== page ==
Apple TV Tips And Tricks

This is a discussion on Apple TV Tips And Tricks within the Apple TV forums, part of the Apple Hardware category; Apple - Support - Apple TV 101 Apple TV...

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    Apple TV Tips And Tricks

    Apple - Support - Apple TV 101



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    Rearrange the Apple TV Home Screen Icons



    If you’ve always wanted to change how your Apple TV home screen icons where arranged, you’ll be happy the feature has arrived with the Apple TV 5.1 update. Though the top row of icons is stuck where it is, you can arrange the majority of other icons just by doing the following with your remote:

    Select the icon to move, then press and hold “Select” to make the icons jiggle
    Use the remove to move the selected icon to it’s new placement
    Press the Select button again to finish and stop the jiggling
    Repeat as desired for other icons, but for now Movies, TV Shows, Music, Computers, and Settings are staying in place.

    Though customizing the icon placement may seem like a minor feature, it feels like an obvious step in the direction of importing even more features from the iOS world to the Apple TV OS builds, perhaps with an eventual merging of the two.

    10-5-12

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    Apple TV Tips And Tricks

    How to control Apple TV with a third-party remote






    Here's a cool Apple TV feature that you probably didn't know about, particularly if you're like me and the third-generation Apple TV is your first foray into Apple's "hobby" device. In addition to the pre-packaged and somewhat spartan remote and Apple's more full-featured Remote app for iOS devices, it turns out you can control your Apple TV with virtually any third-party remote control. We first wrote about this feature about a year and a half ago, but we're guessing there are a lot of Apple TV newbies out there since the recent update, so it's worth a refresher.

    On your Apple TV, head into Settings > General > Remotes. There, you'll find an option called "Learn Remote." From there, it's a simple matter of following onscreen instructions; press and hold the button on your remote that you want to have control the corresponding function you see on your TV.

    In addition to the basic navigation functions, you also have the option to program more advanced playback functions. This will allow you to set up fast-forward, rewind, next chapter, and a handful of other functions on your third-party remote.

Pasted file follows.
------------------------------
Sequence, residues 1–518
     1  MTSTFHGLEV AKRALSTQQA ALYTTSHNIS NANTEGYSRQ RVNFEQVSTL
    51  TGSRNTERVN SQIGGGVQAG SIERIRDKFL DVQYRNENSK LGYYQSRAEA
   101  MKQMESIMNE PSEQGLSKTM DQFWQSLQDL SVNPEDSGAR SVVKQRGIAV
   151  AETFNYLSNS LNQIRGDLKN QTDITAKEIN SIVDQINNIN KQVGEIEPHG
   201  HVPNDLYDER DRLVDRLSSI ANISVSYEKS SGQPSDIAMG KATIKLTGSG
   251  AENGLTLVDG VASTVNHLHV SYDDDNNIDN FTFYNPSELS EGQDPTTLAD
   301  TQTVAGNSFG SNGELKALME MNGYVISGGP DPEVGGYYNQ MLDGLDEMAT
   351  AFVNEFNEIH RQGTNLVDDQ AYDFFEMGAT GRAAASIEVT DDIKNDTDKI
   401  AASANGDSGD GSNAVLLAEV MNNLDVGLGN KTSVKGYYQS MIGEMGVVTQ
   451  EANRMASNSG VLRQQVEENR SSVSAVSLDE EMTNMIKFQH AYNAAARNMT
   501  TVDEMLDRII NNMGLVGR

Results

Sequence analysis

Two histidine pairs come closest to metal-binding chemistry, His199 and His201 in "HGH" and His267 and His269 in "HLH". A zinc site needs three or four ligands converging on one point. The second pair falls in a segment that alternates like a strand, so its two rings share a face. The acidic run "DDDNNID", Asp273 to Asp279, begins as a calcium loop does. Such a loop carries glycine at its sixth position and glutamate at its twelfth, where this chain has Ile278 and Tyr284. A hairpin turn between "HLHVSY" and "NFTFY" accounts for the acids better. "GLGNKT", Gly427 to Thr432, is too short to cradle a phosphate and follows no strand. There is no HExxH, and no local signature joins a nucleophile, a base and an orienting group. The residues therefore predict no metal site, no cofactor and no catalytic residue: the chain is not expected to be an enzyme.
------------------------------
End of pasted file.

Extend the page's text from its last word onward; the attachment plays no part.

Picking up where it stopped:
The whole procedure is pretty drop-dead simple, but results will vary depending on your remote. I didn't have any issues setting up the basic navigation functions on the remote that came with my surround sound system, but no matter what I tried I couldn't get the playback controls to pair up with my Apple TV. At the very least, having the basic nav functions let me toss the standard Apple TV remote in a drawer, so that's something.

    This is one feature that Apple doesn't go out of its way to advertise, but like many other things Apple's done, I now find myself wishing everything worked this way. If my TV had a programming function like this, I could finally get down to one remote control without having to shell out extra money for a universal remote.

    10-13-12

    www.tuaw.com

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    Ah! The single remote dream...never to be fulfilled...again and again! I think I read something about Apple having a project about the ultimate remote in the works. But that was before Steve's passing.
    Nor white, nor black. Just the passionate shades between...

    Yuno Wataï Minh

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    Finally! A brand new iPad Air2 made its way into my life...

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    Apple TV Tips

    It is cool how Apple TV learns the remote. Normally the remote learns the device. This is the first device I've seen that works this way and I bet alot of people don't realize they can use just about any remote to control Apple TV.
    That being said there are also some cool things you can things you can do with the original remote like puting Apple TV to sleep by holding the play/pause button.

    Here are several tips that every Apple TV users should check out.

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    5 tips for getting more from your Apple TV